If a C-Mn component or structure is normalised after welding, weld metal strength will fall appreciably, unless the weld was deposited with a weld metal of sufficient alloy content that only a modest reduction in strength occurs.
As a weld is essentially a casting, part of its strength, in the as-welded condition, is derived from the as-deposited microstructure. During normalising, which involves heating to around 900°C, the as-deposited structure is transformed to austenite (the high temperature form of ferrite), with a coarser grain size than that of the original microstructure. Consequently, when the structure cools (at a rate which is much slower than it experienced as it was deposited) and transforms to one of the lower temperature forms of ferrite, the weld metal has much lower strength than it had originally. To provide some resistance to the loss of strength, a weld metal should be chosen that contains Mo (or Ni and Mo), and possibly also V. An example of a situation where the issue is likely to arise is during the manufacture of the dished end of a pressure vessel, where normalising may be carried out after the petal ends have been welded together. See reference below. Suitable consumables are available from several welding consumable manufacturers.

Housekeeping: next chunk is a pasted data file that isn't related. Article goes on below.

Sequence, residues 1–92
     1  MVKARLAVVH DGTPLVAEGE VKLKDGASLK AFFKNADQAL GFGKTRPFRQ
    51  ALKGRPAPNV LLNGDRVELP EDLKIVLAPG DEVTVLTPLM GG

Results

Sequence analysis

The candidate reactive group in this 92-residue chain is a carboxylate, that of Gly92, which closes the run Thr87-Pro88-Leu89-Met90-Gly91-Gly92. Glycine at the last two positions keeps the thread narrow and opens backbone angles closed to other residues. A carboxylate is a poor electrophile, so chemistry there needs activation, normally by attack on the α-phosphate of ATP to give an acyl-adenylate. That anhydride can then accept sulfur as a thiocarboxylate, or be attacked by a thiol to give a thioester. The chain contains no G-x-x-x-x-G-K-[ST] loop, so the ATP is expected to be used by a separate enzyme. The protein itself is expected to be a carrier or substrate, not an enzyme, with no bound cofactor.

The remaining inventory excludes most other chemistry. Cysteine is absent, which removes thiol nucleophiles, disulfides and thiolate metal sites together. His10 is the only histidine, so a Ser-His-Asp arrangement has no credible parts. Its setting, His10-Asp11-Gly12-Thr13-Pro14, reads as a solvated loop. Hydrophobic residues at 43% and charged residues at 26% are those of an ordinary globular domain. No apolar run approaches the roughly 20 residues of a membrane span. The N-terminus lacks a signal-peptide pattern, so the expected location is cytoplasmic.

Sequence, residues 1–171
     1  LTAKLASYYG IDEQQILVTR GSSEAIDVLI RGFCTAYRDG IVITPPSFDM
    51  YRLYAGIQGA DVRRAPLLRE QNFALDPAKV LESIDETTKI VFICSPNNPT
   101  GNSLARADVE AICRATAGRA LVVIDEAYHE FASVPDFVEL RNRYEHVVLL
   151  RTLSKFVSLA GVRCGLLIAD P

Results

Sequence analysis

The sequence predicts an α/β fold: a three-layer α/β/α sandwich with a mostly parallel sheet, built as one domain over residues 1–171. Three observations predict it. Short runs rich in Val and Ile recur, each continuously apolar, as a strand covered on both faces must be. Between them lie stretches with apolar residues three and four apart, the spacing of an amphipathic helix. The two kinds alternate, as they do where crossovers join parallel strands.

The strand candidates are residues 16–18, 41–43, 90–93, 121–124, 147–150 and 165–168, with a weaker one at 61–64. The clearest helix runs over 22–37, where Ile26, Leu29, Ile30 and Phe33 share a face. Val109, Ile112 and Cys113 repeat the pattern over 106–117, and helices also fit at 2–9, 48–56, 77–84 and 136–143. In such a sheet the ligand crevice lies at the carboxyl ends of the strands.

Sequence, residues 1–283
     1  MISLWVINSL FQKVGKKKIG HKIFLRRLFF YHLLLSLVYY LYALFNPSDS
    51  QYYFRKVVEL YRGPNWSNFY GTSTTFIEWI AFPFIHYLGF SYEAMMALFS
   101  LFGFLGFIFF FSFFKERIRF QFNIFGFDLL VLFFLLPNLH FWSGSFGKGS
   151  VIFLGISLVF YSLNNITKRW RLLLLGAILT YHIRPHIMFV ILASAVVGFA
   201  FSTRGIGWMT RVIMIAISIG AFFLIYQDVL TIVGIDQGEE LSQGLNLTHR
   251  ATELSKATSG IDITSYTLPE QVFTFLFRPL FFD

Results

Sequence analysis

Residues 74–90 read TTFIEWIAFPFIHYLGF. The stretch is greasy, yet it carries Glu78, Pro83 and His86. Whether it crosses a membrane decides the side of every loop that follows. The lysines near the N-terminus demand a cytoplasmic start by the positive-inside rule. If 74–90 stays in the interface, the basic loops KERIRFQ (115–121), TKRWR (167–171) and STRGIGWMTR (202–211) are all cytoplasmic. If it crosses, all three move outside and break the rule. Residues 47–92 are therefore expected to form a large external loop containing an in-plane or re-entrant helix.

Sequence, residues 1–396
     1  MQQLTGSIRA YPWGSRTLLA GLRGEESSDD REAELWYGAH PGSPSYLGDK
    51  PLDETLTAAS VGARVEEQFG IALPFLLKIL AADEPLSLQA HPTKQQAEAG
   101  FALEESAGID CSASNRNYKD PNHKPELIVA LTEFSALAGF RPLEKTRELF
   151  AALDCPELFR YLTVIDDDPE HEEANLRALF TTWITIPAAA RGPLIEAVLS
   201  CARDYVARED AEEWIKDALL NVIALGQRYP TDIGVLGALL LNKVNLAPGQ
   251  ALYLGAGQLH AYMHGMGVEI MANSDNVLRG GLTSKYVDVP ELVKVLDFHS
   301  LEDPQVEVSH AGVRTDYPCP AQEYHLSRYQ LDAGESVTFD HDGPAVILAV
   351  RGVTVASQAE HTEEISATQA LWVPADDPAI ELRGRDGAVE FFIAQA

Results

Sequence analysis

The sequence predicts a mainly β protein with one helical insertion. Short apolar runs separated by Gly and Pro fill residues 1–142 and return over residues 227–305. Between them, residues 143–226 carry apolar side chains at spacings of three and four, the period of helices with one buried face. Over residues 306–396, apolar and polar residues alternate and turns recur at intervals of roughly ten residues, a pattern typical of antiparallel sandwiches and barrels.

If an unsuitable weld metal was used, and the fabrication has been normalised, the only solution is to cut out all the weld metal, reweld, and then subject the fabrication to a post-weld stress-relieving treatment.
Quinn T A, Garland J G, and Weyland F: 'The development of welding consumables for heat-treated weld metal'; Proc. Conf. on Trends in Steels and Consumables for Welding, The Welding Institute, London, November 1998, 337-350.
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